Like hundreds of small towns in Ontario, Markdale got the bad news from the provincial government last year: Its elementary school would have to close, a victim of cost-cutting.
Then an unlikely savior came through: Chapman’s Ice Cream, a homegrown business that offered two million Canadian dollars to keep the town’s children in the local Beavercrest Community School rather than on buses to other places.
If all works out, the offer will protect Markdale, population 1,400, from becoming another victim of rural depopulation — because without an elementary school, a town slowly withers.
“It’s not like living in Toronto where, O.K., they close a school but two blocks away there’s another,” said Fraser Murray, 56, who runs a printing shop in town with his wife, Sharon, and who himself attended Beavercrest, as did their two grown sons. “You’ve got to have young families to keep the community going, and if you pull the school out of here, they’re not going to stay.”
Finding a way to blend Chapman’s private-sector money into a public school system, however, has proved less than easy and involved leaps in political and bureaucratic thinking.
Markdale is one of many towns along Highway 10 between Toronto and the sandy beaches of Lake Huron’s Georgian Bay. The Toronto, Grey and Bruce Railway, now a gravel bike path, gave Markdale its first big boost by linking it to the provincial capital about 100 miles to the southeast during the 19th century. Then Highway 10 sustained the town. But there is now little to encourage beachgoers from the big city to take a break here aside from an attractive cafe and restaurant in the town’s old fire hall.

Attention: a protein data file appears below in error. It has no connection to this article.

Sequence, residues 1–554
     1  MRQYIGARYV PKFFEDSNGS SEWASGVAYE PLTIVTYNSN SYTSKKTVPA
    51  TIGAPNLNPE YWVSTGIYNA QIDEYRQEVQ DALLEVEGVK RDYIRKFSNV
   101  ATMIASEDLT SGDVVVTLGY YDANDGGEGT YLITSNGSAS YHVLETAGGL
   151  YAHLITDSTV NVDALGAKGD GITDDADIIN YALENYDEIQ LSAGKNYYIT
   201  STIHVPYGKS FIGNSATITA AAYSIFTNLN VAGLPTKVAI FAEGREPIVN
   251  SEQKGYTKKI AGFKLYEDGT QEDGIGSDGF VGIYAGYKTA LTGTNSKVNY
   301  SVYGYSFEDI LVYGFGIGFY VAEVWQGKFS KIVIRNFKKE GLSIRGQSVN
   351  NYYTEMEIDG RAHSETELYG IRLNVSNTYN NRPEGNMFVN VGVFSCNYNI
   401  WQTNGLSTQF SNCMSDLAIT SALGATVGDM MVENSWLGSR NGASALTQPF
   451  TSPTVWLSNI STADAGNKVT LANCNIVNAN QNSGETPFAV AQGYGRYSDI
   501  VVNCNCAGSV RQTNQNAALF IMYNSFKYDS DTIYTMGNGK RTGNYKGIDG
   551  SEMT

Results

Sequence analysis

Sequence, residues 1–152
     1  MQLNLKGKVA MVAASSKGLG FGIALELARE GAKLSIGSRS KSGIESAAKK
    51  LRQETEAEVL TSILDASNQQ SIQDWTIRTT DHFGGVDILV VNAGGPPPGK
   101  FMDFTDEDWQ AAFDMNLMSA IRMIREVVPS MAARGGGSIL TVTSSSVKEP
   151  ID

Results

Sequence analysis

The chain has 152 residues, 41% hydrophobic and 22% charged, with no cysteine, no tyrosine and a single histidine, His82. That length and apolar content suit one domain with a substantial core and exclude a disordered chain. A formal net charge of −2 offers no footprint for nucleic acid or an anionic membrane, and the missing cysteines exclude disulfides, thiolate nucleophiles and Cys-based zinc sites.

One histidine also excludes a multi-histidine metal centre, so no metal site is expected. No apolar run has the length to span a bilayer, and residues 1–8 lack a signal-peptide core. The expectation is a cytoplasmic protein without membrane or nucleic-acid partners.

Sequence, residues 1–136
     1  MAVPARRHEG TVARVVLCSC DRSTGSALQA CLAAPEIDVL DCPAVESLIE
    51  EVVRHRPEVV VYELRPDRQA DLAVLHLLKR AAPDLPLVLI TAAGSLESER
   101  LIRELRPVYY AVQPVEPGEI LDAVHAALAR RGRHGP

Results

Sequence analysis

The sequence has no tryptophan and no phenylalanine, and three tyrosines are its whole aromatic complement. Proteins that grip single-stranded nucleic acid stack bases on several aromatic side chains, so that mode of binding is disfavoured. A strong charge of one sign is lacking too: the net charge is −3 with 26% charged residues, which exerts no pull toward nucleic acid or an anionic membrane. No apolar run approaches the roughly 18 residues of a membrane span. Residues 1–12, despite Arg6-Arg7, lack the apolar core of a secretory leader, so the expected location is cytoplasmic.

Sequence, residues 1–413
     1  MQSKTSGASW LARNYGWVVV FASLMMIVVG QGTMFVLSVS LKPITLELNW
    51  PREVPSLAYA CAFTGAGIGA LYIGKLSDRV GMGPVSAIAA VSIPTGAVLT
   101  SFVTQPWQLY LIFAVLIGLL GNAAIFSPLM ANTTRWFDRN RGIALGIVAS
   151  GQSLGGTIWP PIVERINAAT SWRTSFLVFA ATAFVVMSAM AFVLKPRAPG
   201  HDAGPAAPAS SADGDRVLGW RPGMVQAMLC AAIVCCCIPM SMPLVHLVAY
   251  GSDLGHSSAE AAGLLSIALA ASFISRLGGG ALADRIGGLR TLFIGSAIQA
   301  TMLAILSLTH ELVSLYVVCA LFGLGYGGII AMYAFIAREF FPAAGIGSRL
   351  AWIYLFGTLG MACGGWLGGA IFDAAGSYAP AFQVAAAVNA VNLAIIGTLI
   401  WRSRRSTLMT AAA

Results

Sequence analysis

“It’s still a little bit of old Ontario,” said Ron Motz, a farmer who is chairman of the area’s board of education. “It’s more rural, it’s a little bit quieter, some people would say a little less progressive.”
While Markdale has lost some employers in recent years, Chapman’s is the stuff of small town dreams. A sign at the end of the street leading to its complex urges passers-by to stop in and apply for work.
The company is, by local standards, a newcomer. In 1973, David and Penny Chapman were working at a small Toronto ice cream maker when they decided to get into the business themselves. That required access to a milk supply, which was limited under Canada’s tightly controlled dairy system. And the Maypole Dairy in Markdale had milk for sale at a reasonable price.
By focusing on niche products like house brands for supermarkets, Chapman’s became Canada’s largest ice cream maker by volume. Then almost eight years ago, fire leveled the plant. And that was nearly the end of Chapman’s in Markdale.
Other cities and towns offered tax deals and other incentives to rebuild. But Ashley Chapman, 38, who now runs the company with his parents, said moving was never an option.
“This town made us who we are,” Mr. Chapman said in his office at the rebuilt plant. “It was too hard a thing to wrap your head around — moving to a different place.”